A Facebook representative has apologized to a Vancouver woman who was furious at Facebook for removing breastfeeding photos she had posted on the social networking site.

Emma Kwasnica, 33, said since she joined Facebook in 2008, nearly 30 of her breastfeeding photos have been taken down and her account has been temporarily frozen in four separate incidents.

The latest incident occurred this past Saturday when she tried to log on, she said.

Kwasnica said Facebook removed her photos because of what it says are a violation of its policies on obscenity, nudity and sexually explicit content.

“This is a child’s right to eat, a mother’s right to nurse her child,” Kwasnica said in a telephone interview from her Vancouver home.

“There’s nothing sexually explicit in breastfeeding photos, nothing at all.”

Kawsnica later said that a Facebook representative apologized to her and said in an email that removing the photos was a mistake. The representative also encouraged Kwasnica to re-upload the photos that were removed from her account.

A spokeswoman for Highroad Communications, which represents the social networking site in Canada, said the company’s global policy allowed breastfeeding photos to be posted on the site.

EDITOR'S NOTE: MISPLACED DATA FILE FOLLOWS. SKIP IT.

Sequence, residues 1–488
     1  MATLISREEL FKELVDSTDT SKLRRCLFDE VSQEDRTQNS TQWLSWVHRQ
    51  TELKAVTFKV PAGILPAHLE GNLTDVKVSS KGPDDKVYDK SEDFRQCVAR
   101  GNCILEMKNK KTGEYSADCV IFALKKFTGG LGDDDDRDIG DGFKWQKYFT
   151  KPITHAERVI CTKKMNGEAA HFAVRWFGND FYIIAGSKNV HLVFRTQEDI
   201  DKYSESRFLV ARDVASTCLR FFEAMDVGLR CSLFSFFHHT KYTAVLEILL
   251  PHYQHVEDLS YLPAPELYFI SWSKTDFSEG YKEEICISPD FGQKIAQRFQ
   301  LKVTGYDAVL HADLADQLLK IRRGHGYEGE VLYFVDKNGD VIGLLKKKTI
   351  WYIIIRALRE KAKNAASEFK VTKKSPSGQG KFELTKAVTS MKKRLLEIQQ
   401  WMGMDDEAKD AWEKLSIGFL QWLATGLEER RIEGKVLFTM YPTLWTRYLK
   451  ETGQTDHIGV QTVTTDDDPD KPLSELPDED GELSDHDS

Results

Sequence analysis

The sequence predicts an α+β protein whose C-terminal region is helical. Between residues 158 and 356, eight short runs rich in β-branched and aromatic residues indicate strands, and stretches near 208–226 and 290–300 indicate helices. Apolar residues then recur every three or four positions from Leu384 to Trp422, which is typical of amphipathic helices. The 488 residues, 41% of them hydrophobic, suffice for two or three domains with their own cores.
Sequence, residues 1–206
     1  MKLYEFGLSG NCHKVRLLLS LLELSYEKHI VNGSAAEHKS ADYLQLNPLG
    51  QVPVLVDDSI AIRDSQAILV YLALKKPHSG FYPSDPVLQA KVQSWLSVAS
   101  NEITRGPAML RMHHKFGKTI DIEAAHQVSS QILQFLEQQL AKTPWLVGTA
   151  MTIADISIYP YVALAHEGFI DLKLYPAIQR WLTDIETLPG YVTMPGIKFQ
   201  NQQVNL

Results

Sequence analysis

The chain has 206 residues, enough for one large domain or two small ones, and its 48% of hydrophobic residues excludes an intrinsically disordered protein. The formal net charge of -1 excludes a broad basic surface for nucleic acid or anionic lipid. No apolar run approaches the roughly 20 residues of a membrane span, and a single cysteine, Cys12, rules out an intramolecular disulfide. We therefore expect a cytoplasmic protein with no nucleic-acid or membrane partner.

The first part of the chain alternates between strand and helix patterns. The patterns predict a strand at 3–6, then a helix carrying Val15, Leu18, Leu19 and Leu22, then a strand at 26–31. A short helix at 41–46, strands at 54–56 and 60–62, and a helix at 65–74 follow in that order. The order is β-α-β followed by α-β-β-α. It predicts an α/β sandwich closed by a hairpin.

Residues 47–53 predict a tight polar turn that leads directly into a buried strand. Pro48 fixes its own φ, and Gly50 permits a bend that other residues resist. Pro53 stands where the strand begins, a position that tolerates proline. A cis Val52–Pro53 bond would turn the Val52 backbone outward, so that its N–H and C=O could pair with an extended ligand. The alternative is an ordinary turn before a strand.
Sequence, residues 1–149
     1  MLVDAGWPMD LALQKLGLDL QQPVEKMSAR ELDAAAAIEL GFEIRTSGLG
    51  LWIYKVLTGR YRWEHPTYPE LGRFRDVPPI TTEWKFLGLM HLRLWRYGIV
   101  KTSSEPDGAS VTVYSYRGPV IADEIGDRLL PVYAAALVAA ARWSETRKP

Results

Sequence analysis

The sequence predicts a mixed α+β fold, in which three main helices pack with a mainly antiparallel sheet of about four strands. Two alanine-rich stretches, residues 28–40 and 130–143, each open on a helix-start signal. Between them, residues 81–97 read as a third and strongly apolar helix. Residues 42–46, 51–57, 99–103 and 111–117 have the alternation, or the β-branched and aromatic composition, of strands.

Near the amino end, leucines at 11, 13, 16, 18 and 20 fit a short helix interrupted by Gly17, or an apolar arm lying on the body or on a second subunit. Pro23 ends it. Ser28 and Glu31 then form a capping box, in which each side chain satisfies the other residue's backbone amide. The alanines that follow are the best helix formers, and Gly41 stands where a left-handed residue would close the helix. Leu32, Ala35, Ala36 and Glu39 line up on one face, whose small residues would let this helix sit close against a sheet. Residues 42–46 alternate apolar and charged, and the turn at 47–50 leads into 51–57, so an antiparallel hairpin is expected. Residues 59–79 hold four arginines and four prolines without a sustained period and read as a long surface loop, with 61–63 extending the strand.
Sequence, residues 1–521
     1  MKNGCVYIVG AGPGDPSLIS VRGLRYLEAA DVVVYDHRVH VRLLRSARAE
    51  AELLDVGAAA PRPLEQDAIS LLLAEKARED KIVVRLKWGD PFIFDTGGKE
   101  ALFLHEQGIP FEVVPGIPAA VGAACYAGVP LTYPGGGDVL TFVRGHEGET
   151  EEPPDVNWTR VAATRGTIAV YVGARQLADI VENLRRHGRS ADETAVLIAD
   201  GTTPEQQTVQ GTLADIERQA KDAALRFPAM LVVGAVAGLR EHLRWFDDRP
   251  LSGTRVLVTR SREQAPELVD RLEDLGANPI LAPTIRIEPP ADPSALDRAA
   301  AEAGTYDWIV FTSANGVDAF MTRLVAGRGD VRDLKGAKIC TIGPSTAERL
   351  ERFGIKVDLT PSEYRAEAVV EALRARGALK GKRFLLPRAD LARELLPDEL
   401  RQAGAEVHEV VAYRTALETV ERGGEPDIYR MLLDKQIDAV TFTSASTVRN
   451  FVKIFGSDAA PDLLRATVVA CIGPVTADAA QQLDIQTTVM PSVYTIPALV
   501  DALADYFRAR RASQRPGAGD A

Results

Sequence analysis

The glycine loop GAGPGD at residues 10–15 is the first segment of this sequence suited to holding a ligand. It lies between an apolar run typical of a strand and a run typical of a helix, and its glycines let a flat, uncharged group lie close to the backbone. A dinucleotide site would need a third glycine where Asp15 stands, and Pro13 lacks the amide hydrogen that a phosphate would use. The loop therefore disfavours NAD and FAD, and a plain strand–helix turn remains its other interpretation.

“We agree that breastfeeding is natural and we are very glad to know that it is important for mothers, including the many mothers who work at Facebook, to share their experience with others on the site,” the policy states.

“However, photos which contain a fully exposed breast, do violate our terms and may be removed if they are reported to us.”

Kwasnica said her experience left her feeling confused about Facebook’s rules, pointing to a recent case in which Facebook issued a public apology to another woman in North Carolina who was in the same situation.

Television station WCNC of Charlotte, N.C., reported on its website last month that Facebook apologized to Heather Stultz after it removed a breastfeeding photo she posted on her breastfeeding support page called “Respect the Breast.”

As in Kwasnica’s case, WCNC reported that Stultz’s photo was initially removed because it violated Facebook’s rules on pornographic content.

Eventually, Facebook reversed its decision on the photo in question and apologized, saying the photo was removed “in error.”

A Facebook page was set up earlier this week in support of Kwasnica that had attracted about 3,500 supporters.